CONSUMER PREFERENCES AND SWITCHING BEHAVIOR: AN EXPERIMENTAL TESTING OF STATUS QUO EFFECTS IN THE ELECTRICITY MARKET
Free (open access)
385 - 390
FABIAN GRABICKI, ROLAND MENGES
For a long time, consumer research has been investigated the causes of the switching behaviour of consumers in the liberalized electricity market. More recent research in decision theory suggests that consumers non-switching is based on the so-called status quo bias. The status quo bias reflects the tendency to over-proportionally stick to the current state. In an economic decision experiment, the influence of the status quo bias is empirically tested. Using a choice-based conjoint analysis, consumers are offered different variations of electricity contracts. The experimental investigation was conducted in August 2016 in the US state of California. 584 participants in total were assigned randomly in a control and an experimental group to a modified choice-based conjoint analysis. In each of the 15 conducted choice tasks, the participants had to choose an electricity contract. The difference between the control and the experimental group was only that one of the five electricity contracts in each choice task was preselected as a status quo option. The results show significant differences between the control and the experimental group in terms of part-worth utilities for attribute levels and relative importance of attributes. Contrary to the expectations of the rational choice model, the framing of the choice task with and without the preselection of a status quo option significantly influences the decision behaviour of the participants. These results raise doubts as to whether competitive markets driven by individual preferences are a good tool to reward long-term infrastructure and climate policy in the electricity market instead of political measures driven by collective choice. It seems that consumer preferences for preventing climate change are susceptible to framing effects.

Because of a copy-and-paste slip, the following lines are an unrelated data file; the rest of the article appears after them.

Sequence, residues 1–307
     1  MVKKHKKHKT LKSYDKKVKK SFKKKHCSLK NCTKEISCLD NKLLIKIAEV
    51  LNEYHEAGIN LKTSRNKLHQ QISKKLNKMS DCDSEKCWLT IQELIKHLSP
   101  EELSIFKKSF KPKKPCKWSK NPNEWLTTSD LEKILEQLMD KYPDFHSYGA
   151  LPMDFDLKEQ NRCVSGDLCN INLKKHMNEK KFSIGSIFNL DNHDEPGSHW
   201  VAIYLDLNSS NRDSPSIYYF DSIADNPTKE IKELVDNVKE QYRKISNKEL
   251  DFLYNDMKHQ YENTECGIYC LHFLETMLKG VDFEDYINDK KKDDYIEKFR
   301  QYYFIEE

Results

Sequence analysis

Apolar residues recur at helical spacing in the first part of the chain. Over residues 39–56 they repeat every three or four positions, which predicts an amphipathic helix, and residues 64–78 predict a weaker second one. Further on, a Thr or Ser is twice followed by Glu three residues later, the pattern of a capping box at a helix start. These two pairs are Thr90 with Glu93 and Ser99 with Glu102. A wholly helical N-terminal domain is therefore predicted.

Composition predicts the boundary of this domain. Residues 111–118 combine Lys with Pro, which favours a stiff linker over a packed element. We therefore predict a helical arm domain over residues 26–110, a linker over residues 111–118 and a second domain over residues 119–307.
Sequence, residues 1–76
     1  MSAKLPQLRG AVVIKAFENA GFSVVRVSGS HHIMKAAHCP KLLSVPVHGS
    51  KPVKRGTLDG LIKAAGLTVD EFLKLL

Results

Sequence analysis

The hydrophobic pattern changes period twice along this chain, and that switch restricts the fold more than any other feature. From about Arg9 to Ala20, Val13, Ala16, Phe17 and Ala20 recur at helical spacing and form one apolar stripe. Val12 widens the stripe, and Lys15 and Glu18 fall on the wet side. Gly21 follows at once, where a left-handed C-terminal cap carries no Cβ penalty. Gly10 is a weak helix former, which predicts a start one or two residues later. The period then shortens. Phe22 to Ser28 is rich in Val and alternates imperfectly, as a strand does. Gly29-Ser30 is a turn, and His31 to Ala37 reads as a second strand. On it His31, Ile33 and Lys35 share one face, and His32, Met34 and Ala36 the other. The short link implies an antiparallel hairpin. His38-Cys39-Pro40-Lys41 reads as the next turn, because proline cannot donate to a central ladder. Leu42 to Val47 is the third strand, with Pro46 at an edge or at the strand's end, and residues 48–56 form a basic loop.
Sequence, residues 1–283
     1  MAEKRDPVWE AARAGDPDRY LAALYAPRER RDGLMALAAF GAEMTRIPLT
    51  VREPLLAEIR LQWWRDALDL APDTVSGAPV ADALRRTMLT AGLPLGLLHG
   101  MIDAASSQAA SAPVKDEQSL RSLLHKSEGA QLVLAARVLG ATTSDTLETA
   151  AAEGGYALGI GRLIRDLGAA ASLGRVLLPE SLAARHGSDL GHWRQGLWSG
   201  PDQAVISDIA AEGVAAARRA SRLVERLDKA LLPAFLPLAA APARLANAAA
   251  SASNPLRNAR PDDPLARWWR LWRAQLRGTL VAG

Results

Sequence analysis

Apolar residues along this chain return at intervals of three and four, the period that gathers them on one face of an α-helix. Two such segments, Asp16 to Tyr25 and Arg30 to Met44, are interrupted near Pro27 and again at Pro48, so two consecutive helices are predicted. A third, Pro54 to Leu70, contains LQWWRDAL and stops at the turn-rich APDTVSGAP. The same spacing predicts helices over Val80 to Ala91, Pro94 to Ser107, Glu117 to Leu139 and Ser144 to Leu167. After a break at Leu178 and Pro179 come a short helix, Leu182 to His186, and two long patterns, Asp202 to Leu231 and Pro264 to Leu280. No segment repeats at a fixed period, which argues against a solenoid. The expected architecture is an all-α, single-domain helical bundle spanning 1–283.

experimental economics, consumer preferences, default, behavioural economics, sustainability, choice-based conjoint analysis, status quo bias